Often, I feel like Queen Elsa in the 2013 Disney film, Frozen, with let it go repeating in my head like a scratched record or a warped mix tape warbling words of what has got to be the greatest three-word sentences in the history of ice queens.
Let it go.
Life can feel like an avalanche of situations outside of our control. Other than our reaction to things, we don’t get a say in much. Of course, that doesn’t mean we don’t have much to say, only that we don’t get to decide who listens, cares, or jams earbuds in their earholes when we speak. Despite my awareness of how much I need to let go of Every. Single. Day. I don’t want life to be merely a series of reactions to outside events. I want to be deliberate about what I let go of and what I strive to change.
Long before Elsa retreated to the ice castle, there was American theologian, Reinhold Niebuhr, who wrote the Serenity Prayer. I know he wasn’t royalty, didn’t have a 3-centimeter waist, and couldn’t turn people to ice with the flick of his wrist, but he did write a pretty good prayer.
God, grant me the serenity to accept the things I cannot change
As far as I am concerned, Mr. Niebuhr could have stopped writing at serenity. What a beautiful word. It makes me thinks of scented bubble baths, sunsets on the beach, and a cloud of soft-serve ice-cream that looks like Olaf without the carrot nose.
Trying to accept what we cannot change feels like none of that. Instead, it feels like wrestling, wrangling, and wearing ourselves into a state of exhaustion. We think we can pick and choose, negotiate and mitigate, and purchase and plunder into getting what we want. But sometimes, we have to face the cold grip of truth: there are things we cannot change.
Accepting the will of God in our lives doesn’t have to be a frosty experience. “Do not worry about anything, but in everything by prayer and supplication with thanksgiving let your requests be made known to God. And the peace of God, which surpasses all understanding, will guard your hearts and your minds in Christ Jesus” (Philippians 4:6).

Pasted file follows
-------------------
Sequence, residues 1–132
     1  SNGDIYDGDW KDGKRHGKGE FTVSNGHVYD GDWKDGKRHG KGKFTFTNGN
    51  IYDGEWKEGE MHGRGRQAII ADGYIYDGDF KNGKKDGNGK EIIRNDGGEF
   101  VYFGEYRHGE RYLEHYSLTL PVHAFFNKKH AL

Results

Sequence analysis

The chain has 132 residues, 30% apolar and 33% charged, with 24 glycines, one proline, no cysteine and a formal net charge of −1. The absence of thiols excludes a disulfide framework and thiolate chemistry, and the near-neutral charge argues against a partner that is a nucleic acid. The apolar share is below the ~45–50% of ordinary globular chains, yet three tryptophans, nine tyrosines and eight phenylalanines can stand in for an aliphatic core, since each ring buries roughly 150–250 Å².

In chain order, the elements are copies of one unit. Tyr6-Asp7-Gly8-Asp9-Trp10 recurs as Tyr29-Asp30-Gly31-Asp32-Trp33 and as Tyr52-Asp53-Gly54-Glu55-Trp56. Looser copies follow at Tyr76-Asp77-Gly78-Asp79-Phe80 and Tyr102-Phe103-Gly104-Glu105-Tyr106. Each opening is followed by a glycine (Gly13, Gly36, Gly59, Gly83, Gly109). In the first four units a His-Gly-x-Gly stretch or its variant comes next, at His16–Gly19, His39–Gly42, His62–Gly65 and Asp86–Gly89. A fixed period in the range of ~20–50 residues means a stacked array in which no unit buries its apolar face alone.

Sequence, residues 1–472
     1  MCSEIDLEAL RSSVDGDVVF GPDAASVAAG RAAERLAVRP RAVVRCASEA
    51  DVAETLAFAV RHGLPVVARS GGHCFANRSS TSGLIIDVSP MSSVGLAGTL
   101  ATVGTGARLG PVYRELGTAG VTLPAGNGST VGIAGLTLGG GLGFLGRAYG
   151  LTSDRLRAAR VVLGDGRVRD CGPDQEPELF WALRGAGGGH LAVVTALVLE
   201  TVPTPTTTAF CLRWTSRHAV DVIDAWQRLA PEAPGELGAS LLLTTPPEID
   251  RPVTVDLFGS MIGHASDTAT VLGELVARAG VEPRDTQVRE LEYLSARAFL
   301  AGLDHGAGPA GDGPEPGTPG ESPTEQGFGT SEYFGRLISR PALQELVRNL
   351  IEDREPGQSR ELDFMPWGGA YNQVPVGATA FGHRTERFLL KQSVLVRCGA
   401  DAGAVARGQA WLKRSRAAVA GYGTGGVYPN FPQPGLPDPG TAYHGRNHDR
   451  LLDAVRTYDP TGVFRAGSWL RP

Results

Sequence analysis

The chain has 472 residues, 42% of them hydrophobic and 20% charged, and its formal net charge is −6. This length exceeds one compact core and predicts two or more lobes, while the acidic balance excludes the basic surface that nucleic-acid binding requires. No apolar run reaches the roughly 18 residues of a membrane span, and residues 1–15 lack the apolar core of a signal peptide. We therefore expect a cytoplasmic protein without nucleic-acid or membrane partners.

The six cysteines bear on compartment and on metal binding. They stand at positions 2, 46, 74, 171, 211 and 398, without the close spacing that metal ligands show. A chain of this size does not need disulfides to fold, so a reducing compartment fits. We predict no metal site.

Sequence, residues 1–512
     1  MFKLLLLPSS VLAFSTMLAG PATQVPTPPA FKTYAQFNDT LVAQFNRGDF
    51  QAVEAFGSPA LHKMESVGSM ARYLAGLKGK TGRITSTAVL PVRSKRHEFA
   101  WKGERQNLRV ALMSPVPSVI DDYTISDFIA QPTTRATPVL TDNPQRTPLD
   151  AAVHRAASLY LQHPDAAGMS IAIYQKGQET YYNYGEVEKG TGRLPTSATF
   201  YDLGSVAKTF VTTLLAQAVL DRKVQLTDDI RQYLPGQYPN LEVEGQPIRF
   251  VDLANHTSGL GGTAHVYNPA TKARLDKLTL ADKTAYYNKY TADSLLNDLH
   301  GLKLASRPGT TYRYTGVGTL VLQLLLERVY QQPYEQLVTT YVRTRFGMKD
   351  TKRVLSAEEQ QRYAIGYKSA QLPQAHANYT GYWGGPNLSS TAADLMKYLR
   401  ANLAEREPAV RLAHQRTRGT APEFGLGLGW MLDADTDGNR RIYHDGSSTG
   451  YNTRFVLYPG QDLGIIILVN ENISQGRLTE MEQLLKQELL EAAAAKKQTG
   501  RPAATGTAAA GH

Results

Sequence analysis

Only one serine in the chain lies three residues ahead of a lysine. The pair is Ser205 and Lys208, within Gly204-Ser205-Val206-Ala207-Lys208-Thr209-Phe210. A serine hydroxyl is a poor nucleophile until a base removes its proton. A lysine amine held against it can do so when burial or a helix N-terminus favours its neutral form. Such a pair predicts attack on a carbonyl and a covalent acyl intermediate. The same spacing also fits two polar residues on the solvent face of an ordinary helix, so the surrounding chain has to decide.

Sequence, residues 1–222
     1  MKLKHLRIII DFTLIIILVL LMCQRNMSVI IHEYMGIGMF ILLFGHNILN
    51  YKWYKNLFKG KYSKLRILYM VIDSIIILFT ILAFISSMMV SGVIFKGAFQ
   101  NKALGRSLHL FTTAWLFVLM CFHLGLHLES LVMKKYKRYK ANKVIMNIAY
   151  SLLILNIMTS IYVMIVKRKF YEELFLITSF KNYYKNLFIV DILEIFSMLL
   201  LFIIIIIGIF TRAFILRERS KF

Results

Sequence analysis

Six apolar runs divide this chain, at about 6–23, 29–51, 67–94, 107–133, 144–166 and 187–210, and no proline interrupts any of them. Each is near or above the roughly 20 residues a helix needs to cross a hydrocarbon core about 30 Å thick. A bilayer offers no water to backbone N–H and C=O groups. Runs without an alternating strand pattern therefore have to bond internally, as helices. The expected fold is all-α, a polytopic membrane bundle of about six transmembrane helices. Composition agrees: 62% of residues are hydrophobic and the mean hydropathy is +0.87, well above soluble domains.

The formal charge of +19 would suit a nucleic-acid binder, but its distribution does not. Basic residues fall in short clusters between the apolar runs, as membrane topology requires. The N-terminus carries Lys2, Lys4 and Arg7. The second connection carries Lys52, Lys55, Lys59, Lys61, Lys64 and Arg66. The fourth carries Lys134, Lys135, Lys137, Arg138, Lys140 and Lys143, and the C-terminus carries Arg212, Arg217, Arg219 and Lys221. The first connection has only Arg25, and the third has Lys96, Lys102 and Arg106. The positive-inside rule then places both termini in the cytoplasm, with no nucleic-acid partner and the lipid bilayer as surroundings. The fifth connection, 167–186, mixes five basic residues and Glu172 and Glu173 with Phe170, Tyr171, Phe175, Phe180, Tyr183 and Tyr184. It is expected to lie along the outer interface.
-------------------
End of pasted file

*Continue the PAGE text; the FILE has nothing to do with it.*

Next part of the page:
We can accept the things we cannot change when we put our trust in God to guard our hearts and minds. Poor Elsa retreated to an ice castle. We can go to God for the serenity to do what often feels impossible.
Let it go. There are things we cannot change.
Courage to change the things I can
What’s funny about Elsa is she was a beautiful queen with a queendom, a crown, and an incredible power to turn anything to ice. But it scared her. Unsure how to control her gift, she ostracized herself to a solitary life in an ice castle.
It’s easy to confuse courage with confidence. We think to be courageous we have to be fearless. There are so many things about ourselves we can change: our perception, attitude, habits, and our reactions. However, sometimes that requires us to be brave “Be strong and of good courage, do not fear nor be afraid of them; for the Lord your God, He is the one who goes with you. He will not leave you nor forsake you” (Deuteronomy 31:6.)
In the end, Elsa realized her power was controlled by love. She just needed the courage to let go of her fear and be free.
Let it go. With God at our sides, we have nothing to fear.
And wisdom to know the difference
The crux of this prayer’s message is recognizing what to accept and what to change. Wisdom is such a daunting word when you feel less like a wise owl and more like you just escaped from the cuckoo’s nest. But, really, I don’t think this part of the prayer has to be that hard. Wise people don’t overthink things. They know what’s right and act on it. It has less to do with smarts and more to do with conscience. What is your heart telling you?
A good rule of thumb is if it’s the past, let it go. If it’s in your power to change it and you think you or those you love would be better for it, change it.
“Finally, brothers and sisters, whatever is true, whatever is noble, whatever is right, whatever is pure, whatever is lovely, whatever is admirable – if anything is excellent or praiseworthy—think about such things. Whatever you have learned or received or heard from me, or seen in me – put in practice…” (Philippians 4: 8-9).
But anything else, be like Queen Elsa and let it go.
As we start a new year we tend to focus on what we are going to do, but maybe we should give some prayerful consideration to what we should let go of as well. I want to let go of doubt. What do you want to let go of in 2019?